In Afghanistan, car bomb explodes outside U.S. base

A car bomb blew up Tuesday at the gates of a U.S. military base on the outskirts of Kabul, and Afghan officials said at least half a dozen people were hurt. The Taliban claimed responsibility.

The attack, the second major strike in Afghanistan’s capital in just over a week, appeared intended as a reminder of the insurgency’s strength in advance of a major international conference on the country’s security.

President Hamid Karzai is to meet in London on Thursday with senior representatives of countries contributing troops and aid to Afghanistan, with the aim of bolstering support for the war effort and his beleaguered government. He also is expected to voice support for trying to bring the Taliban into the political process and persuading foot soldiers to lay down their arms in exchange for jobs and other incentives.

Tuesday’s attack took place just outside an installation known as Camp Phoenix, used mainly by U.S. troops who are helping to train Afghan security forces. Building up the nation’s army and police force is considered a cornerstone of the West’s eventual exit strategy, though military officials acknowledge that it will be a difficult undertaking.


Camp Phoenix, on the main road leading out of Kabul toward the eastern city of Jalalabad, is a frequent target of insurgent attacks, in part because it is close to a main roadway, and suicide bombers often try to strike convoys that are arriving or leaving. Such an attack in mid-November injured about two dozen people, nine of them Western troops.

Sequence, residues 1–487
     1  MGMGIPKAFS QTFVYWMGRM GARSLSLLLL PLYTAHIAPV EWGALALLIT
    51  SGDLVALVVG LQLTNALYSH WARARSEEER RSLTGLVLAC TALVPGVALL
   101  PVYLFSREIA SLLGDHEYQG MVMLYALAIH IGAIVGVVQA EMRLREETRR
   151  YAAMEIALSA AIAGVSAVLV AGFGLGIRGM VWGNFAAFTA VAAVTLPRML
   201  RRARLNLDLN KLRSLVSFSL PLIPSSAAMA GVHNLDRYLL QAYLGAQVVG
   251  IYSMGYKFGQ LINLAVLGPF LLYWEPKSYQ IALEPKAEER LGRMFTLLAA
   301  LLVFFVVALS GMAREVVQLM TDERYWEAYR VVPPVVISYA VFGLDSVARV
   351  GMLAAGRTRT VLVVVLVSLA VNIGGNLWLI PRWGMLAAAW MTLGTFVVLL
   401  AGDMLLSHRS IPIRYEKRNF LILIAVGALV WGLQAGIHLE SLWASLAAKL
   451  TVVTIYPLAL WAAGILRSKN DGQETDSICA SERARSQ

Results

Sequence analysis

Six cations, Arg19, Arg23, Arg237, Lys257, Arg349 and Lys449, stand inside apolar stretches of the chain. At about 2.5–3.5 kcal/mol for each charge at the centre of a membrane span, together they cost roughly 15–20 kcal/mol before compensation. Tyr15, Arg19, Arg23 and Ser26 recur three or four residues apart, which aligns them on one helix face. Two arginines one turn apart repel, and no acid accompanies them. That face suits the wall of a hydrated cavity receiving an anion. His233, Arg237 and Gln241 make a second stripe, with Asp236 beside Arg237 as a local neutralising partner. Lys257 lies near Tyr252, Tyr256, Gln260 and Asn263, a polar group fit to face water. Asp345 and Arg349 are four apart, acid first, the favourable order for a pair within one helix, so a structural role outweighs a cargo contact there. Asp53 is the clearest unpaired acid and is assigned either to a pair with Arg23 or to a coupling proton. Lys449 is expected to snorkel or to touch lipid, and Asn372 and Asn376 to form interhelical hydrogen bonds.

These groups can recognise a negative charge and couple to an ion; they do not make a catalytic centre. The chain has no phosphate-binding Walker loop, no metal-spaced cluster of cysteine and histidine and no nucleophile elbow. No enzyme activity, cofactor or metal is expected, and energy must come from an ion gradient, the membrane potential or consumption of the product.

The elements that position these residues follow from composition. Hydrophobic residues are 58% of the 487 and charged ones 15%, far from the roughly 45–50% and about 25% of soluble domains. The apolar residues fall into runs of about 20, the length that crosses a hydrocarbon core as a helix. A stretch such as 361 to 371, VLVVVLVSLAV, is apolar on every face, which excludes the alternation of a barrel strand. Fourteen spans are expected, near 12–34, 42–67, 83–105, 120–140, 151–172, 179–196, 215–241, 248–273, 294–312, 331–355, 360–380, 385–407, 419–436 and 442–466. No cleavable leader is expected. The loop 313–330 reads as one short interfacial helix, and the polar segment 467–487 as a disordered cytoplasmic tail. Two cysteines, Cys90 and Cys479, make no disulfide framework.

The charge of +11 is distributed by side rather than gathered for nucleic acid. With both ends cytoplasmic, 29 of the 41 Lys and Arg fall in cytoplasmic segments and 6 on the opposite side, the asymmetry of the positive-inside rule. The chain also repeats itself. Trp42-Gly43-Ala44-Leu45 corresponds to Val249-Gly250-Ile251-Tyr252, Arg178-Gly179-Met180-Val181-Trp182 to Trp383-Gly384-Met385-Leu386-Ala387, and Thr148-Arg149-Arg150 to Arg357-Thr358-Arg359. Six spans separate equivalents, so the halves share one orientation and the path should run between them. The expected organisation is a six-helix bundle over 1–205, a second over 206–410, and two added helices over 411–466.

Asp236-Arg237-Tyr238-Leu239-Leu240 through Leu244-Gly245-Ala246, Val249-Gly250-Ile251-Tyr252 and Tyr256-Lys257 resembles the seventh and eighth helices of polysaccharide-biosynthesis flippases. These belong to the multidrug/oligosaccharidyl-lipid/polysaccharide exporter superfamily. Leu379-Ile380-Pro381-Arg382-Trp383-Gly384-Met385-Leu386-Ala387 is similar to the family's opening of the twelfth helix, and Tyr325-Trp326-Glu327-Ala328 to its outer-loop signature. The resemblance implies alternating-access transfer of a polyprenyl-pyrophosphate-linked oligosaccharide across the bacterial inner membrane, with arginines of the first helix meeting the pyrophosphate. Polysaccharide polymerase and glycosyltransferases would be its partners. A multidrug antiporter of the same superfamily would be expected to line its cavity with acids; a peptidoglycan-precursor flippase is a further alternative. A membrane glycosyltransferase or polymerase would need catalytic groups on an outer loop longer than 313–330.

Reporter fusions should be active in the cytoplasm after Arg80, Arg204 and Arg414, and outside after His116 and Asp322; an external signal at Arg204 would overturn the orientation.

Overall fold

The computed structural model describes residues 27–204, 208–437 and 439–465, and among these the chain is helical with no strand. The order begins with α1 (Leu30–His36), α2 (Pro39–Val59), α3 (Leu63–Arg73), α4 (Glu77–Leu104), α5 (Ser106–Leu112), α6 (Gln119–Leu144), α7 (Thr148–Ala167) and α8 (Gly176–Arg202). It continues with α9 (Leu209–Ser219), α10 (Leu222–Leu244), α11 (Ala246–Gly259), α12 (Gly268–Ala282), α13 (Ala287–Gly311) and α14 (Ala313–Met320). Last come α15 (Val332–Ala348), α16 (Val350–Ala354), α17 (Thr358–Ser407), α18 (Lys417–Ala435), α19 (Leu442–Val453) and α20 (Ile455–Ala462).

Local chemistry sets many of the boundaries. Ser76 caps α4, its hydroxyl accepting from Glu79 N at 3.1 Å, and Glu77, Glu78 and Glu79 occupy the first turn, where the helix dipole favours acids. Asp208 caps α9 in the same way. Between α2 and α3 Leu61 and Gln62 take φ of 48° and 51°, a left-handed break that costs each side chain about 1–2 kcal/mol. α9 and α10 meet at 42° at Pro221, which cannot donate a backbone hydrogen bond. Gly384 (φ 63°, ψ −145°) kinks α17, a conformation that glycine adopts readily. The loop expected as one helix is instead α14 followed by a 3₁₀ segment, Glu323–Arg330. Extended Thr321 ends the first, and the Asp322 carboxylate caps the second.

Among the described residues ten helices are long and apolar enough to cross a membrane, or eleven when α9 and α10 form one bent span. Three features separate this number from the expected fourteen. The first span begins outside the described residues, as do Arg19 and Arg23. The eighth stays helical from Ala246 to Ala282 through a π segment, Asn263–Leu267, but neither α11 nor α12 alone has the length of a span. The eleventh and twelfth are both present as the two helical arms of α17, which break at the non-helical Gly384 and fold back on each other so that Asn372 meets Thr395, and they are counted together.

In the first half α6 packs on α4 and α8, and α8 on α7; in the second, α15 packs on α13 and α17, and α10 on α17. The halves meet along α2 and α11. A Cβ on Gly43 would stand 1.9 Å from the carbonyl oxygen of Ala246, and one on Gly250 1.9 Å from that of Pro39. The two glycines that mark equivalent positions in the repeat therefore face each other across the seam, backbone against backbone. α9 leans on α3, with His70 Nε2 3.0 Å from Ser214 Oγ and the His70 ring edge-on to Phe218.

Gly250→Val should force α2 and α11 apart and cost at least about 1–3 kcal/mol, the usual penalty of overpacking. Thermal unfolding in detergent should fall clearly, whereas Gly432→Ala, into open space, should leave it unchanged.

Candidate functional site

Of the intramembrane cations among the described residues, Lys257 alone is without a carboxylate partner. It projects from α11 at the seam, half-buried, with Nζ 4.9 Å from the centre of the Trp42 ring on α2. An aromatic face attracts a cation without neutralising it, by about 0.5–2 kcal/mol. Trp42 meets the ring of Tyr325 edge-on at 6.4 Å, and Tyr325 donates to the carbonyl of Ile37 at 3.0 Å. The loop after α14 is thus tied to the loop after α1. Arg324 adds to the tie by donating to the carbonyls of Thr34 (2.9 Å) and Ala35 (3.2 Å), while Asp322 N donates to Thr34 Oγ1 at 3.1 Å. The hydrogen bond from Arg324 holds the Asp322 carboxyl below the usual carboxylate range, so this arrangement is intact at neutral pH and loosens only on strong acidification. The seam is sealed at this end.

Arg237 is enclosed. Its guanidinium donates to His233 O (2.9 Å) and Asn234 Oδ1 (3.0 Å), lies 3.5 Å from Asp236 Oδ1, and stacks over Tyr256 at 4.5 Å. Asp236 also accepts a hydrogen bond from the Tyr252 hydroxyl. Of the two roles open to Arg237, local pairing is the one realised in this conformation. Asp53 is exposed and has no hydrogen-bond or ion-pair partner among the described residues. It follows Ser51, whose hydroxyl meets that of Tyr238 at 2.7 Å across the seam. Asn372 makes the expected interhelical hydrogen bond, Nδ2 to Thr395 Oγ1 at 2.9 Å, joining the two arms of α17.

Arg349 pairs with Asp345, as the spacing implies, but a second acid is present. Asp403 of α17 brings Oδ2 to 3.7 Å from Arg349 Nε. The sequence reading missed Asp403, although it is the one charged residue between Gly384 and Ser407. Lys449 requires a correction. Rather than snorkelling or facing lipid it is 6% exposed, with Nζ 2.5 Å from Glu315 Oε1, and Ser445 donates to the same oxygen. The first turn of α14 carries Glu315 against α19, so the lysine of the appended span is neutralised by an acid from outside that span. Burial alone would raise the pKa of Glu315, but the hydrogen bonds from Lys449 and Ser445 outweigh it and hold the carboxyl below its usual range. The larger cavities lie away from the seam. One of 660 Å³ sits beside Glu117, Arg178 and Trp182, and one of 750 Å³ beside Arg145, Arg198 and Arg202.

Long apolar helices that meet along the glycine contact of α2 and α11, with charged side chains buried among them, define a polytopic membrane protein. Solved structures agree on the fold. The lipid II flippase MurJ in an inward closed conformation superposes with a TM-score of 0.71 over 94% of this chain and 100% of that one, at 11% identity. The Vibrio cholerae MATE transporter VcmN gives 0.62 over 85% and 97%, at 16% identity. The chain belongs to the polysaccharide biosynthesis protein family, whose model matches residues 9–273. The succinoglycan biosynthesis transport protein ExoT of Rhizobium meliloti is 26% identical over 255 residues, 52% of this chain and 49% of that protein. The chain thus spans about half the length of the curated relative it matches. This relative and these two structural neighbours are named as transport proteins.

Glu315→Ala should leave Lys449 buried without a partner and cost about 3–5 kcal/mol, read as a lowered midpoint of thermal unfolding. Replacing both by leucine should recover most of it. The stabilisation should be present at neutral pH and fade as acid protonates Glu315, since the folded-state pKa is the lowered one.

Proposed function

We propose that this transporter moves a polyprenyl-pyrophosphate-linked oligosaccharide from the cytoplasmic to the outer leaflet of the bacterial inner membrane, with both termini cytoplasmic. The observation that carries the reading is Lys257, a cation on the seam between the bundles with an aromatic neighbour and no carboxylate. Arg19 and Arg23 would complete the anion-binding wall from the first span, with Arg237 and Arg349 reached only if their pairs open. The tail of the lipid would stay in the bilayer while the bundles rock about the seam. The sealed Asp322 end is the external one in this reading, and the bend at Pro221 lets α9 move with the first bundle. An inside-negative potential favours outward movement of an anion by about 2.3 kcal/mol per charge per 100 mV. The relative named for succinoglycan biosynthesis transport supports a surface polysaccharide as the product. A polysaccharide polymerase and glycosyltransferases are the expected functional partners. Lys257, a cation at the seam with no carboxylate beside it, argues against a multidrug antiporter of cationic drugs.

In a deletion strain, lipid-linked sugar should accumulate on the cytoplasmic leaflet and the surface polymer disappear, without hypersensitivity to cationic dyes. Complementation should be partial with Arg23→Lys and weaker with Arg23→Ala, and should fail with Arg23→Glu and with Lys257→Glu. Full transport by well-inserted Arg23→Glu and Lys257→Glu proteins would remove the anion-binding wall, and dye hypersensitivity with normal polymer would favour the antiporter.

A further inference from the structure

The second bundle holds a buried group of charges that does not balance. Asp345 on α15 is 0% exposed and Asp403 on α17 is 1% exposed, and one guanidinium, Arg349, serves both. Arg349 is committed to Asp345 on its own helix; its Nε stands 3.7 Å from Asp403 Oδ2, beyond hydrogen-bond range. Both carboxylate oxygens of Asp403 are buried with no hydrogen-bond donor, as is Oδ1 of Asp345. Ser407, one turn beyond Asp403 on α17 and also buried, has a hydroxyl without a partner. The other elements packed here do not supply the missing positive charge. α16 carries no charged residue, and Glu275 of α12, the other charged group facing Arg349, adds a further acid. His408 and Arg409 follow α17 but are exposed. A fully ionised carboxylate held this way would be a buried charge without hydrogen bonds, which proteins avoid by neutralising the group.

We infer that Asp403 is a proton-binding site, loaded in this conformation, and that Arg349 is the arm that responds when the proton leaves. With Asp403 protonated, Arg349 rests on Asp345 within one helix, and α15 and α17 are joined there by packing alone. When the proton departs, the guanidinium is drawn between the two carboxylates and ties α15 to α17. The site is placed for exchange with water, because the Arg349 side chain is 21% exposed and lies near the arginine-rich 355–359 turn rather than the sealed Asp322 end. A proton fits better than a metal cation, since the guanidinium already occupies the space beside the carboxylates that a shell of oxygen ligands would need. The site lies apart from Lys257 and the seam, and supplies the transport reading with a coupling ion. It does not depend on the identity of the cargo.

U.S. and other Western military officials did not immediately disclose whether any troops were among those wounded in Tuesday’s attack, which came during evening rush hour. Afghan officials reported that at least six people were; all or most of the injured were believed to be civilians.

The latest bombing came eight days after insurgents paralyzed the capital with an hours-long assault on government buildings and other targets in the city center. Seven attackers were killed, and although the toll was relatively low -- five other deaths -- the insurgents’ demonstrated ability to infiltrate heavily guarded parts of Kabul was a major symbolic blow to the Karzai government and added to a growing sense of insecurity felt by many city residents.

On Tuesday, Afghan intelligence officials provided the most detailed information yet about the Jan. 18 attack in the capital.


At a news conference, they showed a video of an Afghan man arrested last week on suspicion of helping to carry out the attack.

In it, the man, identified as Kamaluddin, said he received his orders from the Haqqani network, a virulent militant organization whose leadership is based in Pakistan’s North Waziristan tribal area. Speaking in calm, measured tones, he said he housed the seven attackers before the strike, providing them with suicide vests and other weapons.